Tighter credit lending – the new norm?
“APRA expects ADIs to commit to developing internal risk appetite limits on the proportion of new lending at very high debt to income levels (where debt is greater than 6 times a borrower’s income), and policy limits on maximum debt to income levels for individual borrowers”
These were the words that were contained in a letter recently penned by APRA to Australian authorised deposit-taking institutions (ADIs) stating that mortgage lenders would need to begin considering limiting lending to borrowers with very high debt to income levels.
Although there was no ‘hard’ limit imposed on loan to income (LTI) ratios greater than 6 times, we expected that this will seriously curtail the appetite of lenders to provide loans which are greater than 6 times of a borrower’s pre-tax income.
The aforementioned tighter lending practices by APRA, the Royal Commission’s increasing focus on responsible lending, and more onerous capital rules are resulting in tighter lending standards which are weighing on major banks’ mortgage growth: The major banks recorded just ~3.5% annualised mortgage growth over the past three months vs. ~4% a month earlier.
Let us take an example where a borrower is on a $120,000 salary (pre-tax and inclusive of superannuation) who owns a $700,000 owner-occupied with a mortgage of $350,000 owing.
The borrower wishes to borrow an additional $680,000 to buy a $850,000 investment property. The investment property is expected to generate $34,000 of rental income per year (being $650 per week).
How will tighter credit lending affect borrowing capacity?
Under the new rules, the starting point for a prospective borrower’s borrowing capacity would be $924,000, being $154,000 (the sum of $120,000 + $34,000) multiplied by 6. This would cap the additional borrowing at $574,000 only, after accounting for the $350,000 mortgage over the current owned occupier property and would not allow the prospective buyer sufficient financing to acquire the second investment property.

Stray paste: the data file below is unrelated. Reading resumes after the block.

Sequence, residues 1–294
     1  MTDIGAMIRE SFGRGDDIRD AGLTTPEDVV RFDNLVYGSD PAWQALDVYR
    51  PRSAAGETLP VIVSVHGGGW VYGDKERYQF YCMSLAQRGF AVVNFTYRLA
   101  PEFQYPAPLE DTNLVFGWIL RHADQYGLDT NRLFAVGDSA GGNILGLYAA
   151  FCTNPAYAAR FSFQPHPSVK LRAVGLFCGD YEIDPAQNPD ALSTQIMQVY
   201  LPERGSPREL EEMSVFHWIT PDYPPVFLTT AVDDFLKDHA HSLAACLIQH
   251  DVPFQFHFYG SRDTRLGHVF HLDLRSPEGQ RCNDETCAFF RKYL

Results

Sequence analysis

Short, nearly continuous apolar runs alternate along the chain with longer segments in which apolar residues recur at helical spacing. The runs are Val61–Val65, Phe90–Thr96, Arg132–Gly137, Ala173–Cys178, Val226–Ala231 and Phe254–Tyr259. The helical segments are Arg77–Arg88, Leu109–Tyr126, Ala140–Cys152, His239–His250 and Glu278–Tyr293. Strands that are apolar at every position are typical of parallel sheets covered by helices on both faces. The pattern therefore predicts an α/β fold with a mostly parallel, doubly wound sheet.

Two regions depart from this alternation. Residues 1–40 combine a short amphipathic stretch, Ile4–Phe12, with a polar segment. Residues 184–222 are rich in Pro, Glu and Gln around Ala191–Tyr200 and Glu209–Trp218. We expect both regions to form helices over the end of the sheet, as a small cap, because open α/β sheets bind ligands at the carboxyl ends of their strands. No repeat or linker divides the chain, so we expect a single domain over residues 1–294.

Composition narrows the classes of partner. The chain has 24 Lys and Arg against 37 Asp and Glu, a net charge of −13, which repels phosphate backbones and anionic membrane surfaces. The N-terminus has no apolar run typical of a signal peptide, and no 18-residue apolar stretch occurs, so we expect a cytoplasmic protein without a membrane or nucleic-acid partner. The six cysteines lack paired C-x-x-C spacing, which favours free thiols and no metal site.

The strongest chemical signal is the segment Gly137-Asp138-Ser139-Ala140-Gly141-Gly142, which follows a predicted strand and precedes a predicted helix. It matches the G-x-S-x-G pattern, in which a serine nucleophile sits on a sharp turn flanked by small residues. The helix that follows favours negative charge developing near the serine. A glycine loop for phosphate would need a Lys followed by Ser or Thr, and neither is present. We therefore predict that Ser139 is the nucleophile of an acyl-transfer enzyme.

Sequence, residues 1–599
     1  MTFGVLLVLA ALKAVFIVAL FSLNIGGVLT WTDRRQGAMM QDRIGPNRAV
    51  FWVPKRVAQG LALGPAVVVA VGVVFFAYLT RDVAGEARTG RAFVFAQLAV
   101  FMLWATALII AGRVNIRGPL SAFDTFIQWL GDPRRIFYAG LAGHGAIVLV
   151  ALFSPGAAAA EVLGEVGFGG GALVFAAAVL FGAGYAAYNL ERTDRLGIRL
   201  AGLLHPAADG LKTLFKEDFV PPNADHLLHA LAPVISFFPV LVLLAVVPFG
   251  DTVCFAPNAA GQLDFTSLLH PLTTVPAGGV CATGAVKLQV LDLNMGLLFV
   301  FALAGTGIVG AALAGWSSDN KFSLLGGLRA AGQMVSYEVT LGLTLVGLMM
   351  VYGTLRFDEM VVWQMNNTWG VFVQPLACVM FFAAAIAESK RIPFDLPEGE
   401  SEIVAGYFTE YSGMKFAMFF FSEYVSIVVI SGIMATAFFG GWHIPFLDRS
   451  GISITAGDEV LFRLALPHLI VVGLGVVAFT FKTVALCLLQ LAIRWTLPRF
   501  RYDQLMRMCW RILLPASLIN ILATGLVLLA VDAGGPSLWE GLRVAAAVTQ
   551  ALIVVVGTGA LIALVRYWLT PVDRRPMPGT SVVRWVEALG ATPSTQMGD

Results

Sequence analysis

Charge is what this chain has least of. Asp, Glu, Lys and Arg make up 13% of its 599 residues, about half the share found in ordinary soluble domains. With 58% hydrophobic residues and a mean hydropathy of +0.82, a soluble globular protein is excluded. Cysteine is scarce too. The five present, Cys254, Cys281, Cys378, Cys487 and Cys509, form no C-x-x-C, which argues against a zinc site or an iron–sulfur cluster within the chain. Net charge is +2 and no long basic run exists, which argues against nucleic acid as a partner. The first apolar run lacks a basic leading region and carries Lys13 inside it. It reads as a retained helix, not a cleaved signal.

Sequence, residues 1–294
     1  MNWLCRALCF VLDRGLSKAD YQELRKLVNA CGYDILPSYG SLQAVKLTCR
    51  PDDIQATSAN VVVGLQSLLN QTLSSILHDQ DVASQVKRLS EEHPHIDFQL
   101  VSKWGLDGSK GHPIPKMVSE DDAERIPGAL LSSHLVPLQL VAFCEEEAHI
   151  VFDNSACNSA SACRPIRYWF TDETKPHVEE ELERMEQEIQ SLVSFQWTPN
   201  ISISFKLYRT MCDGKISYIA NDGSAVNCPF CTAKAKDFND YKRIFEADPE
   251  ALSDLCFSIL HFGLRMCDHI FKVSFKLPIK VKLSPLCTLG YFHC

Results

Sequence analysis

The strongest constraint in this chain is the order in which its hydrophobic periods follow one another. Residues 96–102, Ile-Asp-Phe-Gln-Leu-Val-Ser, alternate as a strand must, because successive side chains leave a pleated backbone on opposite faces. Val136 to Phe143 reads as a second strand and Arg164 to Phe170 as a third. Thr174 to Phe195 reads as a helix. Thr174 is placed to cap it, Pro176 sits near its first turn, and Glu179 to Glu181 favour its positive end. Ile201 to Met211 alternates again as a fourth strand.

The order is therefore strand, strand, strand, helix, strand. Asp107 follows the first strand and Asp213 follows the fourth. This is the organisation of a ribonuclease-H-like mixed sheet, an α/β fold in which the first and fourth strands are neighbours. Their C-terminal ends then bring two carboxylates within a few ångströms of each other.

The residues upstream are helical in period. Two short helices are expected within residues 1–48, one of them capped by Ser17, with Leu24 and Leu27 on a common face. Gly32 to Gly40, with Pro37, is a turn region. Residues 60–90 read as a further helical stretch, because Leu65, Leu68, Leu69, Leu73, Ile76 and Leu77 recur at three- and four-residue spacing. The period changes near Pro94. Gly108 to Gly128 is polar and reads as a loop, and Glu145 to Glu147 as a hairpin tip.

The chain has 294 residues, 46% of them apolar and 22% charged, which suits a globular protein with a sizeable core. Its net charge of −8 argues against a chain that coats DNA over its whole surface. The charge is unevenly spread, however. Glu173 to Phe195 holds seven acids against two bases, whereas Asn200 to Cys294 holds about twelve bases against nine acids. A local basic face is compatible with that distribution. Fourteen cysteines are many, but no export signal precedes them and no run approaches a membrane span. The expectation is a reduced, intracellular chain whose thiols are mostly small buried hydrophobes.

The new rules suggested by APRA removes living expenses (recently lambasted at the Royal Commission) from borrowing capacity calculations and provides a cap irrespective of how low interest rates will go. As seen above, we expect that this will be particularly restrictive for multiple property owners who have been parlaying their equity into more and more properties.
Combined with recent scrutiny of the retail banks from the recent Royal Commission as well as the recent softening of the Australian property market, it is expected that borrowers will find it much tougher going forward to borrow the amounts that they would require.
It is clear that the marginal buyer of today has less access to credit than they did 12 months or even 6 months ago. This has become evident in the official house prices which follow credit lending. It explains why Sydney is suffering more than anywhere else – 6 times of a borrower’s income will not buy you much in Sydney.
Everyone has a unique set of personal financial circumstances and priorities. With access to a wide variety of lenders, I am always happy to discuss which loan package is most suitable for you either in person, over the phone 02 8378 4293